A life of generosity: Former student and lifetime supporter leaves final large gift to the college

Gordon Yoder, associate director emeritus of college relations for Goshen College (left), visits with Milo Albrecht (center) and Herb Roth (right) at the Apostolic Christian Restmor in Morton, Illinois, in November, 2014.
Gordon Yoder, associate director emeritus of college relations for Goshen College (left), visits with Milo Albrecht (center) and Herb Roth (right) at the Apostolic Christian Restmor in Morton, Illinois, in November 2014.

Milo Albrecht, a former Goshen College student, farmer and generous donor to the college, died Tuesday, April 19, 2016, at the age of 94.

Though he only attended Goshen College for three semesters in 1939-40, his charitable giving continues to provide opportunities for many Goshen College students to attain their degrees.

A regular donor, Albrecht gave $1.98 million worth of stocks to Goshen College in November 2014. It is one of the largest one-time donations by an individual in the college’s history. Following Albrecht’s recent death, another $3 million worth of Illinois farmland is being given to the college through an estate gift. The money from the estate will be put toward scholarships primarily for nursing students.

Consider giving your own gift – of any value – to GC today; every gift makes a difference in the lives of our students: goshen.edu/give

While he never studied medicine himself, it is a subject that had always intrigued Albrecht and he valued the nursing care he received while residing at Apostolic Christian Restmor in Morton, Illinois.

“Milo lived a simple life,” said Herb Roth, Albrecht’s cousin, financial representative and caregiver. “He didn’t buy new cars and didn’t buy a lot of clothes. He’d come up to the grain elevator twice a day, that was his social life. He enjoyed making money, but it gave him greater pleasure to give it away. He was a very generous person, a very quiet person and a very committed Christian.”

Born Sept. 16, 1921 in Morton, he was the third son of Levi and Lydia (Roth) Albrecht.

In 1939, Albrecht followed his dream of attending college and excelled in algebra and geometry at Goshen College. After only three semesters, he was called home to work on the family farm when his brother Marion went into Civilian Public Service.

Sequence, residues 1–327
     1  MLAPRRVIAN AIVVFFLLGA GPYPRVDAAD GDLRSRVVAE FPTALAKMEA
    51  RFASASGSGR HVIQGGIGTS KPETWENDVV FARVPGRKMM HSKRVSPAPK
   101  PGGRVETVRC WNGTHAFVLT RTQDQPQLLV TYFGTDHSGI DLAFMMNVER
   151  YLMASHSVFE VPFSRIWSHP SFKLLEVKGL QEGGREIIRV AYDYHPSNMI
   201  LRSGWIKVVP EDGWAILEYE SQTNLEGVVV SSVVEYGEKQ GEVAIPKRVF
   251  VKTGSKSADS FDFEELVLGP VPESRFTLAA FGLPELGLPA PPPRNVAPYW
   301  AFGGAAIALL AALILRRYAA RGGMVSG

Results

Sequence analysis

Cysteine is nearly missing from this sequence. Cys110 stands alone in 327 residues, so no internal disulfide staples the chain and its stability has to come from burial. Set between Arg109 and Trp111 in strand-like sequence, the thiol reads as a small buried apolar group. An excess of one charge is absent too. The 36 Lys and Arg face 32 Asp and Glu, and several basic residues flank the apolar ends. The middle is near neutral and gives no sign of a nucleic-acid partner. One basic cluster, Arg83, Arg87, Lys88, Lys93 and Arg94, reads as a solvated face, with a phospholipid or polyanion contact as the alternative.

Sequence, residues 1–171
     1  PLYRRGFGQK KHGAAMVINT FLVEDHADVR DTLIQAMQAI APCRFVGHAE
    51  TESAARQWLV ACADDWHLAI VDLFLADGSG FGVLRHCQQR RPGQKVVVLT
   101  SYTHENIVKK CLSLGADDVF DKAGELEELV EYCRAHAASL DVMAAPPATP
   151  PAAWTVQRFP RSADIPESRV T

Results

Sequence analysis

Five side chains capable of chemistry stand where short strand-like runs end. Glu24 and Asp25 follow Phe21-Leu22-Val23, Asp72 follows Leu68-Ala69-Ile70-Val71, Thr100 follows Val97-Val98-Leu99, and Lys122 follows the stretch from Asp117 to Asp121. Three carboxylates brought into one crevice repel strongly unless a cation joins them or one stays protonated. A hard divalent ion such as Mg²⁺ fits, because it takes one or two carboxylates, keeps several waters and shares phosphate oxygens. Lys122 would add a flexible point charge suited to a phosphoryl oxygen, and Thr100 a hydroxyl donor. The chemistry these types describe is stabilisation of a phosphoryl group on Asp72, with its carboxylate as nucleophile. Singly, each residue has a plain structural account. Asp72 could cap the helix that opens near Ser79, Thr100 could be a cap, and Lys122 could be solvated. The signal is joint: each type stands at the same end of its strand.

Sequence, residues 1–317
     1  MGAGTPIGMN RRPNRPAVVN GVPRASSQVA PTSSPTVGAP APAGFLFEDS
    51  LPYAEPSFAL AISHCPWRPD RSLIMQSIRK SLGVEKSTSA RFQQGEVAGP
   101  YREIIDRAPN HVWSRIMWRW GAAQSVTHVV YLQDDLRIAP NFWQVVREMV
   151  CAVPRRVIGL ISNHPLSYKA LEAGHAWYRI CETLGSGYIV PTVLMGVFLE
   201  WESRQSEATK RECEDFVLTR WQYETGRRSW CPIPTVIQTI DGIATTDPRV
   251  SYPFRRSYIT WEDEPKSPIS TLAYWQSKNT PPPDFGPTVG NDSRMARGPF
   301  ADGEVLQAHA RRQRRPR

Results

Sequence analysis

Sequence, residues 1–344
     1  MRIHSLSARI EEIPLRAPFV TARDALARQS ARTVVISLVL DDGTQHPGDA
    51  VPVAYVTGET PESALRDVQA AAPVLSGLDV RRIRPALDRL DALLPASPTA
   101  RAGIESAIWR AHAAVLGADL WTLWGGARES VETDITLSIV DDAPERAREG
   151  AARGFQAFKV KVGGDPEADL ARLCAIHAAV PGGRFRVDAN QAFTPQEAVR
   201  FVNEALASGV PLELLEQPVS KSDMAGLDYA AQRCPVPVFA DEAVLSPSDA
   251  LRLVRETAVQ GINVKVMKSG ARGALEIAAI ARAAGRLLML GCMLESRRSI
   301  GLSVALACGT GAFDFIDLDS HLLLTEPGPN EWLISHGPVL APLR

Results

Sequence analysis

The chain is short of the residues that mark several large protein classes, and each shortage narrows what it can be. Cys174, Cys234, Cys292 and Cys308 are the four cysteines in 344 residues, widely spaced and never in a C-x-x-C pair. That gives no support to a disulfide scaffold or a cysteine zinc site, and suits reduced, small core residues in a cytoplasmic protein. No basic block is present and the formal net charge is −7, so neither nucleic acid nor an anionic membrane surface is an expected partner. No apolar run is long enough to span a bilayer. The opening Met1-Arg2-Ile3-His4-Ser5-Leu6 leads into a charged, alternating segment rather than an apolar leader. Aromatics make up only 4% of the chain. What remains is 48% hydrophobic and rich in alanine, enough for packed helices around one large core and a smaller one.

Albrecht continued to work on the farm until 1947 when, at the age of 26, he traveled to Poland for six months with Mennonite Central Committee. Working as a farm machinery instructor, Albrecht said he “saw lots of destruction” during that time, which would stay with him for the rest of his life.

When his time of service was finished, he returned to Morton. This time, however, it was to work on his own farm. He and Marion farmed together; Albrecht raised feeder cattle and his brother had dairy cows.

Roth believes that Albrecht, a lifelong farmer, became interested in the stock market by watching his grandfather, who had land investments in Louisiana. Albrecht began investing in his 20s and became serious about the stock market after he returned from Poland.  

“Every morning he had his devotionals, ate his breakfast and then he would read the Wall Street Journal with his calculator next to him, to see how his stocks were doing,” Roth said.

It was around this time that Albrecht, who never married or had children, first began giving to Goshen College. He believed that giving was important, but that “not everyone could do it.”

As Albrecht grew older and had more health issues, he asked Roth to assist him with financial matters.

“I was stunned when he told me how many assets he had,” Roth said.

Few people in his home community knew about Albrecht’s financial situation, and his generosity extended beyond just giving to the Mennonite church and Goshen College. According to Roth, Albrecht made anonymous donations to individual people he saw struggling financially.

“I went with him once to an attorney in Peoria, [and] he wouldn’t tell me why,” Roth said. “He told the attorney, ‘I need you to send out [anonymous] checks to different people.’ They were people who had medical problems or unfortunate circumstances. That’s just the kind of things he did. He admired people who worked hard and lived a Christian lifestyle.”

Roth emphasized that Albrecht didn’t seek any acknowledgement for his giving and didn’t want his name on any buildings. He just wanted to help students get an education.

“It’s going to be a nice gift for the college,” Roth said. “That’s what he wanted to do, is to help people. It’s his living gift.”

Enjoy this video about Milo from November 2014: